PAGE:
On July 6, 2017, the Washington Supreme Court confirmed that the equitable rule announced in Olympic Steamship—providing for attorney fees where the insurer compels the insured to take legal action—applies to performance bond sureties on public projects.[1]  In King County v. Vinci Construction Grands Projects/Parsons RCI/Frontier-Kemper, the Court affirmed the trial court’s award of over $14 million in attorney fees and costs against sureties of a public works contract.[2]

In 2006, King County contracted with a joint venture of three construction companies to build the piping/conveyance system for the new Brightwater wastewater treatment project.  The joint venture contractor submitted a performance bond from five surety companies.  Under the contract, if the contractor was in default, the sureties were obligated to step in and remedy the default.  When the project was delayed, King County declared the contractor in default and asked the sureties to cure.  They refused, claiming that the contractor was not in default.

At trial, the sureties adopted the contractor’s defense that no default had occurred. The jury, however, sided with King County, awarding $130 million in damages (the largest commercial jury verdict in Washington state history) against the contractor and sureties, jointly and severally.  Relying on Olympic Steamship and Colorado Structures,[3] which applied the Olympic Steamship rule to sureties, the trial court awarded over $14 million in attorney fees and costs against the sureties (believed to be the largest attorney fee award in Washington history).  The trial court rejected the sureties’ argument that King County’s fees should be allocated between “contractor” and “surety” issues on the ground that, by adopting all of the contractor’s defenses, the sureties had prevented such an allocation.

The contractor and sureties appealed the award of fees, arguing that RCW 39.04.240[4] provided the exclusive fee remedy for public works contracts, thus barring the equitable rule announced in Olympic Steamship.  They further argued that, even if Olympic Steamship applied, the fees should be segregated between the contractor and surety claims.  The Washington Court of Appeals affirmed the trial court’s judgment in its entirety.[5]  The Washington Supreme Court granted the sureties’ petition for review.[6]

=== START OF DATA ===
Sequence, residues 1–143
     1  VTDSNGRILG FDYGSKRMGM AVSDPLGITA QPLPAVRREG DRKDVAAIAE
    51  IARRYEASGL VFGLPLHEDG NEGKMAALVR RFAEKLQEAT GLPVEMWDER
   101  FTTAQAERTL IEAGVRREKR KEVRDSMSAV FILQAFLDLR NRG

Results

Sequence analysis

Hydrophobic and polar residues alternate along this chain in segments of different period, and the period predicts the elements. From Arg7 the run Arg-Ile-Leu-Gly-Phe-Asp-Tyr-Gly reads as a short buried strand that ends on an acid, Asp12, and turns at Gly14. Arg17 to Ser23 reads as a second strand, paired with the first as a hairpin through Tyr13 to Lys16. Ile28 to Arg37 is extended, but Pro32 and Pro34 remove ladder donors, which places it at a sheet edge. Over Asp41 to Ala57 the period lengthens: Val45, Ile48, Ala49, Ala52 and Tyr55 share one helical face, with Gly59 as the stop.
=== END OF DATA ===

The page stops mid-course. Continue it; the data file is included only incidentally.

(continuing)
The Supreme Court held that the rule announced in Olympic Steamship applied to the suretyship context, affirming its prior plurality opinion in Colorado Structures.  Moreover, the Court held that the fee remedy in RCW 39.04.240 did not exclude other remedies in public works contracts.

Thus, the Court affirmed the award of fees because King County was forced to assume the burden of legal action to obtain the benefit of the performance bond. Moreover, the trial court did not abuse its discretion in declining to segregate the attorney fees because the sureties adopted the entirety of the contractors’ defenses against breach, and the issues of breach and coverage under the bond shared a “common core of facts.”

This case has important implications for contractors and performance bond sureties. Sureties will face the prospect of attorney fees in cases where, as here, the owner is compelled to take legal action to obtain the benefit of the bond.  Moreover, sureties may be jointly and severally liable for the full award of fees where the breach and coverage claims are intertwined and indistinguishable.

Congratulations to the construction and design, litigation, and appellate teams at the Seattle office of Stoel Rives LLP for their impressive work on this historic decision.

[1] Olympic S.S. Co. v. Centennial Ins. Co., 117 Wn.2d 37, 811 P.2d 673 (1991) (plurality opinion).

[2] King Cty. v. Vinci Constr. Grands Projects/Parsons RCI/Frontier-Kemper, No. 92744-8, 2017 WL 2876138 (Wash. July 6, 2017) (en banc).

[3] Colo. Structures, Inc. v. Ins. Co. of W., 161 Wn.2d 577, 598, 167 P.3d 1125 (2007).

[4] RCW 39.04.240 applies the attorney fee award provisions of RCW 4.84.250 through RCW 4.84.280 to public works contracts.

[5] King Cty. v. Vinci Constr. Grands Projects/Parsons RCI/Frontier-Kemper, 191 Wn. App. 142, 184, 189, 364 P.3d 784 (2015).

[6] King Cty. v. Vinci Constr. Grands Projects/Parsons RCI/Frontier-Kemper, 186 Wn.2d 1008, 380 P.3d 459 (2016).